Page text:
Session Type: ACR Poster Session A
Session Time: 9:00AM-11:00AM
Background/Purpose: In the diagnostic process of RA, the use of advanced imaging techniques like musculoskeletal ultrasound (US) and magnetic resonance imaging (MRI) has been recommended. Unfortunately, research on its comparability is scarce. Therefore we aimed to compare findings of synovitis and tenosynovitis by US with MRI on joint- and tendon-levels in patients presenting with early inflammatory arthritis (IA) and clinically suspect arthralgia (CSA).
Methods: Seventy patients newly presenting to the rheumatology outpatient clinic (40 with recent-onset CSA, 30 with IA) underwent US and MRI of MCPs, wrist and MTPs at the same day. Grey-scale (GS) and power Doppler (PD) synovitis were scored according to Szkudlarek et al (combining synovial effusion and hypertrophy) and tenosynovitis by GS/PDUS was scored according to the OMERACT definition. Static images were also re-scored for GS synovitis according to the recently published EULAR/OMERACT score (considering synovial hypertrophy regardless of the presence of effusion) by two readers (ICC 0.92). MRI scans were scored according to the RAMRIS method. All scores ranged from 0-3. Analyses were performed on joint/tendon level. Synovitis and tenosynovitis scores were compared and test characteristics determined with MRI as reference. Cut-off for dichotomization were scores ≥1 and ≥2 for US and ≥1 for MRI.
Results: Compared to MRI, GSUS synovitis according to the EULAR/OMERACT (US cut-off ≥1) had a sensitivity ranging from 27-75% for the different locations (MCP, wrist, MTP joints) and a specificity of 80-98%. For the method according to Szkudlarek et al the sensitivity was between 68-91% and specificity 52-70%. When a US cut-off ≥2 was used, the sensitivity and specificity were 6-23% and 99-100%, respectively for the ‘EULAR/OMERACT method’ and 39-64% and 92-97% for the ‘Szkudlarek method’. Synovitis by PDUS had a sensitivity of 30-54% and specificity of 97-99%. The sensitivity to detect tenosynovitis by GSUS ranged between 42-65% and the specificity 81-92%. For tenosynovitis by PDUS the sensitivity ranged between 16-35% and the specificity from 98-100%.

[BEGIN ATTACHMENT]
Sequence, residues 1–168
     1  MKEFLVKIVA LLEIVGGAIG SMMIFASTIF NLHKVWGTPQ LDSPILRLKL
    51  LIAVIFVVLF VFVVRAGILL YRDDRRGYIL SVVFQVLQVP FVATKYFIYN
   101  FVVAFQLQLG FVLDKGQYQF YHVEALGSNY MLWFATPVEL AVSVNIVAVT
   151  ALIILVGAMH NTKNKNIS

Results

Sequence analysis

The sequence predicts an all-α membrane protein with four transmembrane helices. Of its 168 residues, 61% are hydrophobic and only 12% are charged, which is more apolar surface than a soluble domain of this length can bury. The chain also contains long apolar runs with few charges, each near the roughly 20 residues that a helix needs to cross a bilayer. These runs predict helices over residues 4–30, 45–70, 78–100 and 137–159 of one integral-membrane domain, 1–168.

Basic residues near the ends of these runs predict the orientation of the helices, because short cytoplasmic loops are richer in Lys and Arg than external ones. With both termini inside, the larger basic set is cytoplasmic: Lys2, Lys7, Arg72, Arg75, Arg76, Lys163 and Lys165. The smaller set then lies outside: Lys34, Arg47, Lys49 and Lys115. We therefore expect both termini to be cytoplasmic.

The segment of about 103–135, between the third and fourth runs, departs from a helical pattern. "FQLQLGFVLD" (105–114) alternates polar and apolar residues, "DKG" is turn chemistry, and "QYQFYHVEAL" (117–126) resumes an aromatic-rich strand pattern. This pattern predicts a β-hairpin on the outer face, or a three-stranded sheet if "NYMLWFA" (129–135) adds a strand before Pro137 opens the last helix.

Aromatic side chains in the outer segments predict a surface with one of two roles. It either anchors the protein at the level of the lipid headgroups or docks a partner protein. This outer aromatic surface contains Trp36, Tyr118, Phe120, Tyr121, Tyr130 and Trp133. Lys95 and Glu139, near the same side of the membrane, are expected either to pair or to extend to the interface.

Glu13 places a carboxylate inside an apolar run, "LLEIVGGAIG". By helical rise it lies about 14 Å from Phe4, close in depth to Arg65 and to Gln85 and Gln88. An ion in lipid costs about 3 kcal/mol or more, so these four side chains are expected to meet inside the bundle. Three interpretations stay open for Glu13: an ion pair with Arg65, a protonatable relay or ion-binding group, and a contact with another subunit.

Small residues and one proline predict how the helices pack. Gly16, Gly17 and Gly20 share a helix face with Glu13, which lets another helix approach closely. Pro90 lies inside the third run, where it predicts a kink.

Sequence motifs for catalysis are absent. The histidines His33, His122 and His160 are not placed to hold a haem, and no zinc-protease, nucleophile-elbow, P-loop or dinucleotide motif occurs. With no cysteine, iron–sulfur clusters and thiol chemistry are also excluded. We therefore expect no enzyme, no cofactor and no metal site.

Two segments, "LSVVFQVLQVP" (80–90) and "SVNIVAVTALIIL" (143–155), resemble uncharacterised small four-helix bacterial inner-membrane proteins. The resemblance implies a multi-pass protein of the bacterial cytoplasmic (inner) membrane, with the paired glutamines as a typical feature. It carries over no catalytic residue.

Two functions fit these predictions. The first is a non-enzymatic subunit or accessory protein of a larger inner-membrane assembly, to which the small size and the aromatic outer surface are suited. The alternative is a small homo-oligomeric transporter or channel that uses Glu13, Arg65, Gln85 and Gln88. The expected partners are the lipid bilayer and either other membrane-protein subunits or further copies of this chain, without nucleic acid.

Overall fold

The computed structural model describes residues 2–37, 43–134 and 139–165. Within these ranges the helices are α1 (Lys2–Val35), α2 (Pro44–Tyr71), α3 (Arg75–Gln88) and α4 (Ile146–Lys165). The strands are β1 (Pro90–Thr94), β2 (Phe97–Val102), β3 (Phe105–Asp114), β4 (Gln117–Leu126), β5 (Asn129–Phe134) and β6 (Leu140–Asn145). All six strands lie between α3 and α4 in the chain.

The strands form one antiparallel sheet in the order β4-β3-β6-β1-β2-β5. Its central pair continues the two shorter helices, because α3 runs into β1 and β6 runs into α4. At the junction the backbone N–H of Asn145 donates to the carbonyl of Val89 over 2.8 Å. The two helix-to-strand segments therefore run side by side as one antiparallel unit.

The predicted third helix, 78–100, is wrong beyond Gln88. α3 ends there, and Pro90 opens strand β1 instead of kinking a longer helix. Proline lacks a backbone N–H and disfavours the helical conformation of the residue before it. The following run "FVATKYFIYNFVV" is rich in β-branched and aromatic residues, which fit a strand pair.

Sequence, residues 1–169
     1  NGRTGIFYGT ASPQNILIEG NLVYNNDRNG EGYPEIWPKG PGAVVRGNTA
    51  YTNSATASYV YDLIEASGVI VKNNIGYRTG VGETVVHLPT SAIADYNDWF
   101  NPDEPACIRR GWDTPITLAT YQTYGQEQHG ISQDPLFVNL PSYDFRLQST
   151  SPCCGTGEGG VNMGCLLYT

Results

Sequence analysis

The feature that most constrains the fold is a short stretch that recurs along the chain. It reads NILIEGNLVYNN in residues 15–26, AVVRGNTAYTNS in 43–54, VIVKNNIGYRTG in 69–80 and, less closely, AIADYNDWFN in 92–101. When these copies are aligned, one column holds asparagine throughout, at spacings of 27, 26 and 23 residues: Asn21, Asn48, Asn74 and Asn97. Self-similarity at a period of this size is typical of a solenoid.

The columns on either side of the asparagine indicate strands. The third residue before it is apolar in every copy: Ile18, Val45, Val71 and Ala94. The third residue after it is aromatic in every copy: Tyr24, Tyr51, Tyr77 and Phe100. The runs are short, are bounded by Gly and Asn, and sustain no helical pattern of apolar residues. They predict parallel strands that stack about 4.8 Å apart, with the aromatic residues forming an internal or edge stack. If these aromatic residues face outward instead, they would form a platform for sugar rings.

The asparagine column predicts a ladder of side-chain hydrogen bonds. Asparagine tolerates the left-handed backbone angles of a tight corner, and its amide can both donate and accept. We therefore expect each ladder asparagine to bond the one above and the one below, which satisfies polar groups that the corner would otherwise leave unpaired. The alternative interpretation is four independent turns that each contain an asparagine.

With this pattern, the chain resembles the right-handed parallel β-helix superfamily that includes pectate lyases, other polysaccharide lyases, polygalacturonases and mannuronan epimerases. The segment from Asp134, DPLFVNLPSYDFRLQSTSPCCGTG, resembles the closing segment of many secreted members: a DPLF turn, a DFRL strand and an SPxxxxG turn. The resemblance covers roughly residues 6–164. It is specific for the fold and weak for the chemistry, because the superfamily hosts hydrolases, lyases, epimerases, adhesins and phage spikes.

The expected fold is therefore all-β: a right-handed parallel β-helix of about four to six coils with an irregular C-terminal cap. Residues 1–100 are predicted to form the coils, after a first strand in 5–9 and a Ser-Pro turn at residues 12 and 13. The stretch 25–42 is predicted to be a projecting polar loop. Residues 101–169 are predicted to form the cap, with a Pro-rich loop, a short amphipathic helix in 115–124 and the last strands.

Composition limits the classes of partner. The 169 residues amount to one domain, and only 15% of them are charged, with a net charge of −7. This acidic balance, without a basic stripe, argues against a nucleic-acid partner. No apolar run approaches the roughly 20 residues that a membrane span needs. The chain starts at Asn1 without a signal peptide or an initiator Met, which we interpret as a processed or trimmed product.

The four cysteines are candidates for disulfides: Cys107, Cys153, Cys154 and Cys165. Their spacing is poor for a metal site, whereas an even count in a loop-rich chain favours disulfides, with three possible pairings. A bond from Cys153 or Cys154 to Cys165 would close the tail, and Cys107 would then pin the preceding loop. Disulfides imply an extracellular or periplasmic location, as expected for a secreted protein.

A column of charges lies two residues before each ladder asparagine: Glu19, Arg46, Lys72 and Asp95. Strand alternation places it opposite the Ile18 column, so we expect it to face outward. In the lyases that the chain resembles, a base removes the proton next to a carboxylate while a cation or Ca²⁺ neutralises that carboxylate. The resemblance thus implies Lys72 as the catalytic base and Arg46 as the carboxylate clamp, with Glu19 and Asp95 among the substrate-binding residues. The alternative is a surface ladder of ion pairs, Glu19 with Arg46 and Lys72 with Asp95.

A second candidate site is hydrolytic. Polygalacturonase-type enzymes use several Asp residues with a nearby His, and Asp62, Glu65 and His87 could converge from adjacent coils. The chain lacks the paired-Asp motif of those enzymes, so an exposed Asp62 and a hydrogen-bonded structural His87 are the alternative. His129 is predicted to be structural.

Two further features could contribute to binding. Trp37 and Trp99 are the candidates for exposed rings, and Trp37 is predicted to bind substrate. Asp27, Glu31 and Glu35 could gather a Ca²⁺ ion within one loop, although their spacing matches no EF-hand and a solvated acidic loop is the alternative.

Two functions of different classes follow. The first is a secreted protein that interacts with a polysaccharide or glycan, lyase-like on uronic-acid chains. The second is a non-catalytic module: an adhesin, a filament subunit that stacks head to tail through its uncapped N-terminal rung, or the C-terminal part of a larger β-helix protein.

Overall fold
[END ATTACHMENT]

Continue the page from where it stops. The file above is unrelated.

Conclusion: Ultrasound is less sensitive to detect synovitis and tenosynovitis compared to MRI in early arthritis and arthralgia. The high specificity implies that there were few ‘false positive’ results. The new EULAR/OMERACT method had a higher specificity than the method according to Szkudlarek et al, with MRI as a reference. Thus current data showed that MRI is more sensitive for the early detection of synovitis and tenosynovitis. However, US is more readily available to rheumatologists in many countries, it is inexpensive and logistically easier to arrange.
To cite this abstract in AMA style:Boer AC, Ohrndorf S, Boeters DM, ten Brinck RM, Burmester GR, Kortekaas M, van der Helm-van Mil AHM. Do Musculoskeletal Ultrasound and Magnetic Resonance Imaging Identify Synovitis and Tenosynovitis at the Same Joints and Tendons? – a Comparative Study in Patients Presenting with Early Arthritis and Clinically Suspect Arthralgia [abstract]. Arthritis Rheumatol. 2018; 70 (suppl 10). https://acrabstracts.org/abstract/do-musculoskeletal-ultrasound-and-magnetic-resonance-imaging-identify-synovitis-and-tenosynovitis-at-the-same-joints-and-tendons-a-comparative-study-in-patients-presenting-with-early-arthri/. Accessed January 24, 2020.
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